A team of Massachusetts General Hospital (MGH) scientists has found a possible mechanism explaining why use of the sugar substitute (aspartame) might not help with weight loss.
In their report published online in Applied Physiology, Nutrition and Metabolism, the researchers show how the sugar substitute interferes with the action of an enzyme previously shown to prevent metabolic syndrome — a group of symptoms associated with type 2 diabetes and cardiovascular disease.
They also showed that mice receiving sugar substitute in their drinking water gained more weight and developed other symptoms of metabolic syndrome than animals fed similar diets lacking aspartame.
“Sugar substitutes like aspartame are designed to promote weight loss and decrease the incidence of metabolic syndrome, but a number of clinical and epidemiologic studies have suggested that these products don’t work very well and may actually make things worse,” says Richard Hodin, MD, of the MGH Department of Surgery, the study’s senior author.
“We found that the sugar substitute blocks a gut enzyme that can prevent obesity, diabetes and metabolic syndrome; so we think that aspartame might not work because, even as it is substituting for sugar, it blocks the beneficial aspects of the enzyme.”
To better represent the effects of consuming beverages or other products containing sugar substitute, the researchers followed four groups of mice for 18 weeks.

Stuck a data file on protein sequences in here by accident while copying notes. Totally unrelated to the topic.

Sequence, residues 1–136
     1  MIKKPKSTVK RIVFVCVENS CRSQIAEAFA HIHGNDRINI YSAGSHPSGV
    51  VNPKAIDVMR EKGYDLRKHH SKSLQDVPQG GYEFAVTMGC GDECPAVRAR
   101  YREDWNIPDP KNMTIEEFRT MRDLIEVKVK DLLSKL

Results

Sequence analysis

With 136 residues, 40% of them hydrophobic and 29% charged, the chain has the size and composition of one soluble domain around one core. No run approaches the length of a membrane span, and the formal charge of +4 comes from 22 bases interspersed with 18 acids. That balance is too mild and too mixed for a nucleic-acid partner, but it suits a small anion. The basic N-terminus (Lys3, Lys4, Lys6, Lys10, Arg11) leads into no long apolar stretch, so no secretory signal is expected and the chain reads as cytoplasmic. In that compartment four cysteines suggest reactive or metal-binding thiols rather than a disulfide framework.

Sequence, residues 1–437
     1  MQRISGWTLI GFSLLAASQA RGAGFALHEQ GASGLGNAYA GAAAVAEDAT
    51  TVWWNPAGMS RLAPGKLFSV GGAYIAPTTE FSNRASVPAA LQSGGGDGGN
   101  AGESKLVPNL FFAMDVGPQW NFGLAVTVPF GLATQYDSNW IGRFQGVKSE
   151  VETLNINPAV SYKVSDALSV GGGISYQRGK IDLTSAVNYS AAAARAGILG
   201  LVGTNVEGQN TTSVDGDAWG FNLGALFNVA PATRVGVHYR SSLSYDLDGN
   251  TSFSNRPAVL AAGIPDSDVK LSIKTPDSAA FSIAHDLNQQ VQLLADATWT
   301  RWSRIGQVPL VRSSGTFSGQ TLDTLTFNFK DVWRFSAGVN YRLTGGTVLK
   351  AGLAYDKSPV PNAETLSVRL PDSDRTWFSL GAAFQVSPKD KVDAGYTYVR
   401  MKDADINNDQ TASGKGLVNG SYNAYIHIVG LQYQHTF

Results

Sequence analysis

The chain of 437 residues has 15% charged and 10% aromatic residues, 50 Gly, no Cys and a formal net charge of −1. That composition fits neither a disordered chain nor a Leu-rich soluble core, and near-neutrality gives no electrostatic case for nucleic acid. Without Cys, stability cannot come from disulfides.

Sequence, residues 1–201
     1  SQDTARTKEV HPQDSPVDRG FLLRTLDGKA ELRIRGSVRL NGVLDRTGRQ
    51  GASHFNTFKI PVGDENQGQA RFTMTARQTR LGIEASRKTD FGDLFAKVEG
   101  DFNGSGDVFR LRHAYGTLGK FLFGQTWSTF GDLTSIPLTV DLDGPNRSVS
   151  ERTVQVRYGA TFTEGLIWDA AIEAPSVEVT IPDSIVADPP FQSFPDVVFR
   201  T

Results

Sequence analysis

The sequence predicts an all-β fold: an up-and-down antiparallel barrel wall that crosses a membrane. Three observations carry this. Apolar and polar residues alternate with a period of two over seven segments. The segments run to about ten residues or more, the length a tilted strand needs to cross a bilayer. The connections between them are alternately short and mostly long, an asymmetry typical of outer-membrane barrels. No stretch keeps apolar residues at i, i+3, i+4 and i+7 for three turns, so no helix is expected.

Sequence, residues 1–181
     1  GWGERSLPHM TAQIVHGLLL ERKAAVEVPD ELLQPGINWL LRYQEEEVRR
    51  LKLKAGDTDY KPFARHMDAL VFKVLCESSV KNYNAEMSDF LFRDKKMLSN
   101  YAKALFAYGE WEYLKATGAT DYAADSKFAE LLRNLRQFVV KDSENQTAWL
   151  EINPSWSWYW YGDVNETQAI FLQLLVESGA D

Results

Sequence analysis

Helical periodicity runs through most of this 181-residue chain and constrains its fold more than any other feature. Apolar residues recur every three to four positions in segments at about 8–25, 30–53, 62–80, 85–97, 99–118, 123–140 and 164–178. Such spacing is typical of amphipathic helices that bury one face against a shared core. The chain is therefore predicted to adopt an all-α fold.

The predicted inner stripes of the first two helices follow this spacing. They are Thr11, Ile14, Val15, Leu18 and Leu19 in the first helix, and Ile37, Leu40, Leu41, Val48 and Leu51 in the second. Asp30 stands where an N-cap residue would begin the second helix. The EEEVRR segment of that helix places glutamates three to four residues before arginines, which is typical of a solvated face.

Two groups were fed a normal diet, one receiving drinking water with aspartame, and the other receiving plain water.
The other two groups were fed a high-fat diet, along with either sugar substitute-infused or plain water.
Animals in the normal diet group that received sugar substitute consumed an amount equivalent to an adult human’s drinking about three and a half cans of diet soda daily, and sugar substitute-receiving animals in the high-fat group consumed the equivalent of almost two cans.
At the end of the study period, while there was little difference between the weights of the two groups fed a normal diet, mice on a high-fat diet that received aspartame gained more weight than did those on the same diet that received plain water.
Sugar substitute-receiving mice in both diet groups had higher blood sugar levels than did those fed the same diets without sugar substitute.
“People do not really understand why these artificial sweeteners don’t work.
“There has been some evidence that they actually can make you more hungry and may be associated with increased calorie consumption.”
“Our findings regarding sugar substitute may help explain why the use of aspartame is counterproductive,” says Hodin, who is a professor of Surgery at Harvard Medical School.
“While we can’t rule out other contributing mechanisms, our experiments clearly show that the sugar substitute blocks IAP enzyme activity, independent of other effects.”